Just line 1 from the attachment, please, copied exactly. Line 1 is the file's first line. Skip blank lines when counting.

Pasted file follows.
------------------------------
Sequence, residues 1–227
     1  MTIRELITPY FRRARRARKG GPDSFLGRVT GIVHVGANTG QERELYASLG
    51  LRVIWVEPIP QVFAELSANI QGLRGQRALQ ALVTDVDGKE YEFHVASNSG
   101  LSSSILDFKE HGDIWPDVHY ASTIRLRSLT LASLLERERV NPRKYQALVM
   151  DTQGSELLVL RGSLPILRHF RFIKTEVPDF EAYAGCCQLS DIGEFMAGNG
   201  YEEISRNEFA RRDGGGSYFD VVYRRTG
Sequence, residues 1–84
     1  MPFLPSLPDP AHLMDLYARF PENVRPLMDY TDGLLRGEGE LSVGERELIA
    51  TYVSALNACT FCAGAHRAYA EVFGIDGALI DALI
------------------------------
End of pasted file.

Sequence, residues 1–227